2004 PSP Overview

Through the Authority, the Science Program invested in projects that are developing new knowledge about how water use and management activities interact with and affect key aquatic species and environmental processes across spatial and temporal scales. For details on the 2004 PSP topics and process please see our 2004 PSP Documents.

2004 Proposal Solicitation Package 1.  Introduction

  1. Overview of the CALFED Bay-Delta Program
    CALFED is a collaborative effort of more than 20 State and federal agencies with management and regulatory responsibilities for the Bay-Delta system and has four main objectives.
    • Improve Ecosystem Quality. Improve and increase aquatic and terrestrial habitats and improve ecological functions in the Bay-Delta system to support sustainable populations of diverse and valuable plant and animal species.
    • Improve Water Supply Reliability. Reduce the mismatch between Bay-Delta system water supplies and current and projected beneficial uses that depend on the Bay-Delta system ecosystems.
    • Improve Water Quality. Provide good water quality for all beneficial uses.
    • Improve Levee System Integrity. Reduce the risk to land use and associated economic activities, water supply, infrastructure, and ecosystem from catastrophic failure of Delta levees.
    The California Bay-Delta Authority (Authority) was created by the California State Legislature in 2002 to oversee implementation of CALFED by coordinating the activities of numerous agencies. The Authority is specifically charged with providing accountability, ensuring balanced implementation of CALFED objectives, tracking and assessing CALFED progress, using sound science, ensuring public involvement and outreach, and coordinating and integrating related government programs. There are 11 separate program elements under CALFED, each of which is implemented by a unique set of State and federal "lead" agencies. The Authority is authorized to implement the Science Program, and to disburse funds in the form of grants. [See Water Code, 79420(a)(6); 79421(j).]
  2. Overview of the Science Program
    The long-term goal of the Science Program, one of the 11 CALFED program, is to establish a body of knowledge relevant to CALFED actions and their implications. That body of knowledge must be unbiased, relevant, authoritative, integrated across program elements, and communicated to the scientific and CALFED management communities, stakeholders, and public. The Science Program is charged with leading and overseeing the integration of science across all CALFED activities. This role includes developing the best scientific information possible to guide decisions and to evaluate scientific aspects of actions that are critical to the success of CALFED's objectives.
    To provide science useful to CALFED decision-making requires three things:
    • supporting new scientific studies,
    • establishing and maintaining a conduit between experts and the CALFED management community to ensure that the most current knowledge relevant to a problem can be directly communicated, and
    • clearly articulating the state of knowledge through unbiased scientific review.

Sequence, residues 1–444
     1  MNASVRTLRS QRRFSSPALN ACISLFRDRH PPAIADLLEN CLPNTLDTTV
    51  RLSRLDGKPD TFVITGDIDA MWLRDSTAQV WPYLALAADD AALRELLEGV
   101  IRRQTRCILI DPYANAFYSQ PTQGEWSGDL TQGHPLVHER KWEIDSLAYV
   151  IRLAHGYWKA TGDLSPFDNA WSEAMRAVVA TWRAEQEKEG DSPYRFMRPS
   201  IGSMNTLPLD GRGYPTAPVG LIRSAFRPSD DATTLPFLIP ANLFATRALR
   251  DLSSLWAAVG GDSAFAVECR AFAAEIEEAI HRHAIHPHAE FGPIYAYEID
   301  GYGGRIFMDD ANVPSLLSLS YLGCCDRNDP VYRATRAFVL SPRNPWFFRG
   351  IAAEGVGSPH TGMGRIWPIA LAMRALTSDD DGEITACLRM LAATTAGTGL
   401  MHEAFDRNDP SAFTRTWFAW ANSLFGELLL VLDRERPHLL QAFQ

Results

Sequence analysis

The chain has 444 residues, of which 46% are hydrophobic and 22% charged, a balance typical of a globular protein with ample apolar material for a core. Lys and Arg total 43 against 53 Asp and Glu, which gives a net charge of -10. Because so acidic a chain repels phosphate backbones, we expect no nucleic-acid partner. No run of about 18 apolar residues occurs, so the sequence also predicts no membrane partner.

This Proposal Solicitation Package (PSP) is designed to fulfill the Science Program's charge of developing new information and grantees will be asked to include communication of their findings to the CALFED management community to fullfill the Program's communication charge.
    Each of the other 11 CALFED programs is also responsible for developing and integrating new science- for example, the Ecosystem Restoration Program has funded a significant amount of research on restoration and ecosystem processes. The Science Program focuses its resources for new scientific investigations on topics that are relevant to many individual programs and to CALFED as a whole.
    Science is thus integrated into the entire CALFED program at three different levels:
    • Systemwide Level. The Science Program takes the lead to define and investment in critical unknowns at the systemwide (i.e., CALFED) level. This work includes evaluating existing monitoring efforts and strategic design of monitoring to fill gaps in performance assessment information, investing in analyses that integrate information across scales, supporting systemwide studies relevant to upcoming decisions and long-term performance assessments, and clarifying the state of knowledge about specific technical subjects critical to specific programs and decisions.
    • Regional Level. The Science Program shares responsibilities with the other programs at this level, cost-sharing in integrated, multidisciplinary studies where focused investments have a high likelihood of benefiting multiple programs and answering questions about how program activities affect each other. This support includes identifying geographic locations where opportunities exist for a rapid advancement of knowledge relevant to accomplishing CALFED's objectives. The priority for this solicitation is science for the Delta region that will support multiple program information needs and lead to better understanding of cross-program interactions.
    • Program Level. Individual programs take the lead on defining critical information needs and funding studies specific to them. The Science Program provides advice and guidance to individual CALFED programs on specific science opportunities, including monitoring and performance assessment, expert panels, and peer review. The Science Program collaborates with CALFED programs to perform independent reviews of major activities, such as the Environmental Water Account.